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Horseshoe pitching science has developed among other things, an official court, which, when properly built and maintained according to the rules, helps in no small way to increase the efficiency of the modem pitcher. If you attempt to pitch or learn to pitch on a poor court you will be working under a handicap right from the very beginning.
     In the official rules you will find the proper measurements for an official horseshoe court in case you wish to construct one yourself, while in nearly every city and town in this country you will find horseshoe courts constructed either by the recreation department or by a private horseshoe club which you can easily join for a small cost.
     Assuming that you need no further help in solving the problem of your horseshoe court we will pass on to the next item.

     The second item necessary for a horseshoe pitcher is a pair of pitching shoes. The official rules tell you the weight and various measurements of a pitching shoe, but you will not be required to measure or weigh a pair of shoes before you buy them if you buy a nationally known make of shoe that has been officially sanctioned by the National Horseshoe Pitchers' Association.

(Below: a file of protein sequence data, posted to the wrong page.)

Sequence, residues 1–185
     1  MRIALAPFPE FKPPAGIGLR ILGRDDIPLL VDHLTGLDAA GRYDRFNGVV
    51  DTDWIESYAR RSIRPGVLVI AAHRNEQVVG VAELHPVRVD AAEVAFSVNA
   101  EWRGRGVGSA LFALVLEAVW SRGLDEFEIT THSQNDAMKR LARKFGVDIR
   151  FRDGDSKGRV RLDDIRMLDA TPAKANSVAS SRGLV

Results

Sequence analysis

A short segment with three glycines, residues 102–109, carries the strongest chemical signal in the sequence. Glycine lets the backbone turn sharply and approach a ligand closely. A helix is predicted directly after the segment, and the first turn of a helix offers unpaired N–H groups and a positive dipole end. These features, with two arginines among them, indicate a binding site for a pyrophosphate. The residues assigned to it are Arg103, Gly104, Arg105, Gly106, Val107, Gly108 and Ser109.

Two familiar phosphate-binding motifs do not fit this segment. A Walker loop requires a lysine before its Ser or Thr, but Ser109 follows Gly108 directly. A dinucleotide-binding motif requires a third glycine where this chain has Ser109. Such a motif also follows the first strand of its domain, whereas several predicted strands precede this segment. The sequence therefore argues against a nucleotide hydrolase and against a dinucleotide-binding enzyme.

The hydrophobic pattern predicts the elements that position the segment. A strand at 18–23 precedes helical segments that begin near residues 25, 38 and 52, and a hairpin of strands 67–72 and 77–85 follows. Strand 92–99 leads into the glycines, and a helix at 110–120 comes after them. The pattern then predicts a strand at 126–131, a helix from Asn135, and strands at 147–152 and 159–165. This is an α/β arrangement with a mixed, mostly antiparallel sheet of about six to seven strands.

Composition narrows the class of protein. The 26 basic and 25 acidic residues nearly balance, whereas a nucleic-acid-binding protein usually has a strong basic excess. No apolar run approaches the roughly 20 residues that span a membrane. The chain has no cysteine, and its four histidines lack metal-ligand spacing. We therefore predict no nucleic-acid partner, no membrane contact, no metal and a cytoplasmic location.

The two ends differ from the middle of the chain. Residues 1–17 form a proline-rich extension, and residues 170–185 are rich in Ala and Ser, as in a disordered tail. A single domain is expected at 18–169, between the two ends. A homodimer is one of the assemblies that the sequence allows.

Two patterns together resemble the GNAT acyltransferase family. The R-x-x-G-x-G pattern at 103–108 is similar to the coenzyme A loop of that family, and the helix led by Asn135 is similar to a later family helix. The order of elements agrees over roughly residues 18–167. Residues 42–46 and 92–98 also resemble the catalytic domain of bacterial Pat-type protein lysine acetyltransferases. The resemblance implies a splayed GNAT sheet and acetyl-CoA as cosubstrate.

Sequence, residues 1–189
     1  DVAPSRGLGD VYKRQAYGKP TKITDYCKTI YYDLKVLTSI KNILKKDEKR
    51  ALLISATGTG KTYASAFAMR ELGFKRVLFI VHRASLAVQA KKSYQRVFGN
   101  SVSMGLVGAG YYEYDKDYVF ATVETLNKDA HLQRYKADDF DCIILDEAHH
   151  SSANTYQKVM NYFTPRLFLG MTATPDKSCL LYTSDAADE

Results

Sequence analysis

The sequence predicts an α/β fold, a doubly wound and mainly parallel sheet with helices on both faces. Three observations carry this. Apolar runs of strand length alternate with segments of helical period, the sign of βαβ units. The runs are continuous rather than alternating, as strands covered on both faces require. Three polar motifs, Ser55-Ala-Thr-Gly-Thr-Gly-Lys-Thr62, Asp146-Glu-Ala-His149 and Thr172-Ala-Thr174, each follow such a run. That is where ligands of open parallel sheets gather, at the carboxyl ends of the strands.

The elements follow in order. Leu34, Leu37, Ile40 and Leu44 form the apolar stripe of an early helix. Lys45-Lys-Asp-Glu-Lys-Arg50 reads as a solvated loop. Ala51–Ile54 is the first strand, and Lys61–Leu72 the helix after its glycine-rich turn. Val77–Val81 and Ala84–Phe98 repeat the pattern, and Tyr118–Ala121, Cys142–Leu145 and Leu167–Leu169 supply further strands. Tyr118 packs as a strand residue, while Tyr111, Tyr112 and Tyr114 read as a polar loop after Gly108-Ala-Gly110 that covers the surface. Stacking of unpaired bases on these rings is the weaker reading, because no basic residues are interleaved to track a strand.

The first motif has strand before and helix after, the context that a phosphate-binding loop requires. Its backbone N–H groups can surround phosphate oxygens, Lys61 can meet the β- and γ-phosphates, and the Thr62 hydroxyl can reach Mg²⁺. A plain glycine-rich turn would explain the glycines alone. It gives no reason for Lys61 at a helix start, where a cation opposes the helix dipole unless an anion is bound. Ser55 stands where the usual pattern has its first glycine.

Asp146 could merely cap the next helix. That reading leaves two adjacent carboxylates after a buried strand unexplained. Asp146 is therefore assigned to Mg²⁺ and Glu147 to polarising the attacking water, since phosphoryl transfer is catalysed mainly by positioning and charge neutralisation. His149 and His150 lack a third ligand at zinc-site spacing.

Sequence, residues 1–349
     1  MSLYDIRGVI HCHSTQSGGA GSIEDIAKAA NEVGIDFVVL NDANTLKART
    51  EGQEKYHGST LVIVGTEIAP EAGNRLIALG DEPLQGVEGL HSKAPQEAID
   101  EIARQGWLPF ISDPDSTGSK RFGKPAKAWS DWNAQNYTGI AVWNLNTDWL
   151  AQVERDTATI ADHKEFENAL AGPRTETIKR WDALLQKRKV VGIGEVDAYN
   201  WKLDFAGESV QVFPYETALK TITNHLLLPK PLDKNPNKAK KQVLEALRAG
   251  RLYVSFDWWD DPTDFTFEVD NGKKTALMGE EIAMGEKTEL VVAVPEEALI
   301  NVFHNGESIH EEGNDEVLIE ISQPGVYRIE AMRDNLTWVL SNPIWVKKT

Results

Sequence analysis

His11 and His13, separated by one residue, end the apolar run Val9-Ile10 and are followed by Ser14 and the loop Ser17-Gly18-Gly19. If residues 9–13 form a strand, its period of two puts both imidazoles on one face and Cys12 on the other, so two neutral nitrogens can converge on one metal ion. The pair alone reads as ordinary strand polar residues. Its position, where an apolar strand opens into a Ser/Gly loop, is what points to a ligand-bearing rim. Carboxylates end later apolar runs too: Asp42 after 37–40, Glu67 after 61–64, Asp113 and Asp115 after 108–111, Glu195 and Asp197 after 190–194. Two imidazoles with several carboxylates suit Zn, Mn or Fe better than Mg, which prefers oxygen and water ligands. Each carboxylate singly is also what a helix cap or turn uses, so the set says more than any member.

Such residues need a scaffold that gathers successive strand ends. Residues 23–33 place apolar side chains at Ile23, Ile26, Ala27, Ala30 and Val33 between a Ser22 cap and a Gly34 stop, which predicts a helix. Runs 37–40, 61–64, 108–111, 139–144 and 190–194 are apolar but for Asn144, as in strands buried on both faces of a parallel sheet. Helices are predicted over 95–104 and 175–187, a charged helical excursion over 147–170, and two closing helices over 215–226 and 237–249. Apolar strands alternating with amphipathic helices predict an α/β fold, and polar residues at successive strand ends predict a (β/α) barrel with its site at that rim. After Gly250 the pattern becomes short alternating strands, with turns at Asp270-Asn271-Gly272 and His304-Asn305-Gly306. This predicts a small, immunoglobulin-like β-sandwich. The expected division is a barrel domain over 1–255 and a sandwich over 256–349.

The question concerning shoes is to decide which make of shoe one should pitch. There is an old saying which says that one man's meat is another man's poison. In other words, one shoe may be the best for one certain player, but another player may not be able to get as good results with that same shoe. Which make the beginner should use is, of course, an open question. One can get a better idea and quite a bit of amusement in hearing manufacturers or their salesmen discourse upon the advantages of their shoe. The only dependable way to decide is to try out all the shoes for yourself and pick out the ones you can pitch the best.
     The beginner, however, must pick out one before he can do any pitching, and to him our advice is-use a pair of shoes of a make which seems to be the most popular. Be sure that they have the largest possible hooks, and they should have a notch or two in the inner circle of the toe. We are not describing any certain shoe here, for several of the leading makes have one or both of these features. There is no doubt that these hooks and notches tend to hold your ringers on the stake, and a good pitcher should use the best that horseshoe science has developed in the way of shoes.
     Use a new pair of shoes when you start out. You cannot expect results from a pair of second-hand shoes which have been warped and battered out of proper balance. When you purchase shoes which are made in different tempers of hardness,